I received two books in the mail this week and could hardly wait to start reading them.  Of course, this one I chose to read first because of the topic.  Amy Inspired, written by Bethany Pierce, is about an aspiring writer suffering a bad case of writer's block.

The book is written in twenty-nine year old Amy's point of view with her thoughts and feelings, however horrid or messed up they are.  I kept looking at the back cover to make sure it was actually from Bethany House.  This book is unlike any other Christian book I've read.  It's real.  Full of real people with pasts they aren't particularly proud of and all trying to make their way in a world that appears to cater to married couples.

"My mother had always instructed me to live life before settling down, settling down requiring a seismic shift in one's energy, from adventure to nurture.  The fault in her admonition was the assumption that meeting a man marked the end of the journey.  I grew up thinking the single life was the rising action and marriage the climax.  Every writer knows climax is followed by denouement: in other words, it's all downhill after the wedding."  (p. 94)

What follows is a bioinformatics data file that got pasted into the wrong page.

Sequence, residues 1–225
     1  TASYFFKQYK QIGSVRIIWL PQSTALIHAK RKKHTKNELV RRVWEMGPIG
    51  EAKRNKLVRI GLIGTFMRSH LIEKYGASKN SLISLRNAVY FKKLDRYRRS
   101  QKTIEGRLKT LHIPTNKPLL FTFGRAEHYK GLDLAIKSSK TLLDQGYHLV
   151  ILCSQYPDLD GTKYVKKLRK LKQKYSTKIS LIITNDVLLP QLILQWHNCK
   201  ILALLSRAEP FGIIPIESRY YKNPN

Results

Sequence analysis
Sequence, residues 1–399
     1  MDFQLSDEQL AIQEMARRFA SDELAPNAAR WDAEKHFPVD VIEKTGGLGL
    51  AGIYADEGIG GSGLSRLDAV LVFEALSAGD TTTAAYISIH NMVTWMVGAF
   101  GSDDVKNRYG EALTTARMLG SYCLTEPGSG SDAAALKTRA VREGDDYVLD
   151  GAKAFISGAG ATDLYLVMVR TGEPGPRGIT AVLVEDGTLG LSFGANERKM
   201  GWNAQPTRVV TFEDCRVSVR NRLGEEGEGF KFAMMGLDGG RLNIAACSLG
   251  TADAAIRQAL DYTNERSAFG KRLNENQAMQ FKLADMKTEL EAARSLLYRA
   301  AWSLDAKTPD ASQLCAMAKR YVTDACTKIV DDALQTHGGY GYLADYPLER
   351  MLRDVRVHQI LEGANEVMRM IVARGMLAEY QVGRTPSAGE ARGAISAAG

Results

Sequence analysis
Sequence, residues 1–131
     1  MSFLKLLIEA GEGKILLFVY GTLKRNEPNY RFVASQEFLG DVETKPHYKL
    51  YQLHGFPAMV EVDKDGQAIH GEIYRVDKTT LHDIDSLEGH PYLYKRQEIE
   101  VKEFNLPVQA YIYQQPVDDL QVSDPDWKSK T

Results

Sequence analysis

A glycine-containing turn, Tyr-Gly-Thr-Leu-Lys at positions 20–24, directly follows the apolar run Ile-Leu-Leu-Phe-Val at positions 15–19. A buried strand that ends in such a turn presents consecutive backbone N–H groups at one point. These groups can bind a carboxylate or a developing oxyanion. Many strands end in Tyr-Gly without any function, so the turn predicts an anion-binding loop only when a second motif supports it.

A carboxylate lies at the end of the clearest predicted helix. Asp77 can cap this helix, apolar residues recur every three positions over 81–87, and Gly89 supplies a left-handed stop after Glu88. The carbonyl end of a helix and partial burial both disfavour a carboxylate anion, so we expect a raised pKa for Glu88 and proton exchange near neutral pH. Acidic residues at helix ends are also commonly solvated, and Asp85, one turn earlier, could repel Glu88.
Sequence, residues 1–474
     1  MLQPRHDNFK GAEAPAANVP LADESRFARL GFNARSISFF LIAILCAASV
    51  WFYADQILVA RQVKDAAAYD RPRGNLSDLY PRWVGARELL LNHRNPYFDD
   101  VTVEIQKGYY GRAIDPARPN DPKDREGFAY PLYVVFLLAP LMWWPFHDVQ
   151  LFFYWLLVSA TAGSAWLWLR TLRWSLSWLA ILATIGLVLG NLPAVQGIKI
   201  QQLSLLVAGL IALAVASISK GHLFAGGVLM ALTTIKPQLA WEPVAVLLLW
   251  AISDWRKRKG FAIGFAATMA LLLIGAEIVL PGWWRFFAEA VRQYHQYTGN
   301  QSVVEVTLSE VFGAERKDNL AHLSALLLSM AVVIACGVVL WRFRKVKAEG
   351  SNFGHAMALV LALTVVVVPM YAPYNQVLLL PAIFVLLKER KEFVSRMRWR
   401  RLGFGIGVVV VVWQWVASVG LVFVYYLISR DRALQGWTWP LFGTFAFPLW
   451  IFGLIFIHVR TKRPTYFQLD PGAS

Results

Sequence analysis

The author goes right to the edge and pulls the reader back again, much like our lives are played out each day - with each choice we make and every memory from our past that haunts us and shapes our futures.

The book touches on many different issues: divorce, cancer, new babies, cutting, death, sexuality...  If you are an avid reader but get tired of the feel-good, everything-turns-out-right-at-the-end in so many Christian books, I recommend you check out this author.  I certainly will be looking for other books written by Bethany Pierce.


Our Hope Endures

>> Tuesday, October 12, 2010

This song, Our Hope Endures, by Natalie Grant, is special to me. It speaks to my heart. It brings back memories of when Mari sang it for a special in her church one day when I was there. It's my heart's cry.  Our hope endures the worst of conditions...